It is hard to believe that a man is telling the truth when you know that you would lie if you were in his place - H.L. Mencken
SWISS INTERNET SERVICE PROVIDERS (ISPs) are mad about moves to ramp up 'anti-piracy' measures that are being hammered out in meetings to which they are not invited.
According to Torrentfreak a potential update of Swiss copyright law is being pursued by the US government and media cartels with the Swiss government.
So far their output has been poor, according to the locked out ISPs and has yielded nothing but terrible ideas.
Ideas so far have included those hoary old devils, warning letters and internet throttling, neither of which appealed to a spokesman for the industry who warned that dangerous precedents could be set.
"We reject the monitoring of internet traffic on principle, because to have exceptions opens a dangerous door," said Andrej Vckovski, president of Swiss industry association Simsa. "Suddenly, it would be conceivable, for example, to filter political content."
Torrentfreak apparently has seen a document about the meeting, and quotes some of it. The section quoted suggests that the US believes Switzerland lacks effective anti-piracy measures.
"The United States continues to have serious concerns regarding the inability of rights holders to secure legal redress in Switzerland in cases involving copyright piracy over the internet," said the Office of the US Trade Representative (USTR) 2013 report.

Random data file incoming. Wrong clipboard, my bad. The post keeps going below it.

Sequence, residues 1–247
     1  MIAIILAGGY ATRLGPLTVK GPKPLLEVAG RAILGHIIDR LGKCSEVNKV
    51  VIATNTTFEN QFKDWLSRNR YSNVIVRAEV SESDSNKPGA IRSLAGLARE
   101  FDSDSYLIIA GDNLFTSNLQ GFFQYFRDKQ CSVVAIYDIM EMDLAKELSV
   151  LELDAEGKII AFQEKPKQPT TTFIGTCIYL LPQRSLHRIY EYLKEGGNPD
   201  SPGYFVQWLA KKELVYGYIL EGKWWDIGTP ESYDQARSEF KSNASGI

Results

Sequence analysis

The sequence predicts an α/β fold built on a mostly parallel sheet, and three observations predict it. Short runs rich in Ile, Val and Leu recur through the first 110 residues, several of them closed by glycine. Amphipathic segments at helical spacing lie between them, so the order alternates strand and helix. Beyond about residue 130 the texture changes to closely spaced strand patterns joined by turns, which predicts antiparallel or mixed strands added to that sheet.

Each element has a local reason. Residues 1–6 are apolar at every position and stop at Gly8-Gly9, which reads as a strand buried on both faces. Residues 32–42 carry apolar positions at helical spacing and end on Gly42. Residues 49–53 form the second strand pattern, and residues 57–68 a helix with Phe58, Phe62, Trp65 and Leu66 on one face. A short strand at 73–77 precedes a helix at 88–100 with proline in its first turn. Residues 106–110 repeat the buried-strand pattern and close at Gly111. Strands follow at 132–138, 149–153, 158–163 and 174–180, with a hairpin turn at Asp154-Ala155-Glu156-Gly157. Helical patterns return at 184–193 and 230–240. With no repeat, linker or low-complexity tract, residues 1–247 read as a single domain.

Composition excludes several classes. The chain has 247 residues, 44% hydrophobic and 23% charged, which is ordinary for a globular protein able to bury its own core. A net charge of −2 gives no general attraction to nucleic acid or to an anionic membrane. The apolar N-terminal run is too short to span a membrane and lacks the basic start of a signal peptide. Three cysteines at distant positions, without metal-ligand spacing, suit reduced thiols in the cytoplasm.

"The United States strongly encourages Switzerland to demonstrate its commitment to copyright protection and to combating online piracy vigorously, including by taking steps to ensure that rights holders can protect their rights," it added.
Another external but also concerned party is the International Intellectual Property Alliance, (IIPA). It is quoted as comparing Switzerland to some kind of 'piracy' haven in earlier statements.
"The country has become an attractive haven for services heavily engaged in infringing activity," it said. "From there, they provide a global service, effectively turning Switzerland into a major exporter of pirated content." µ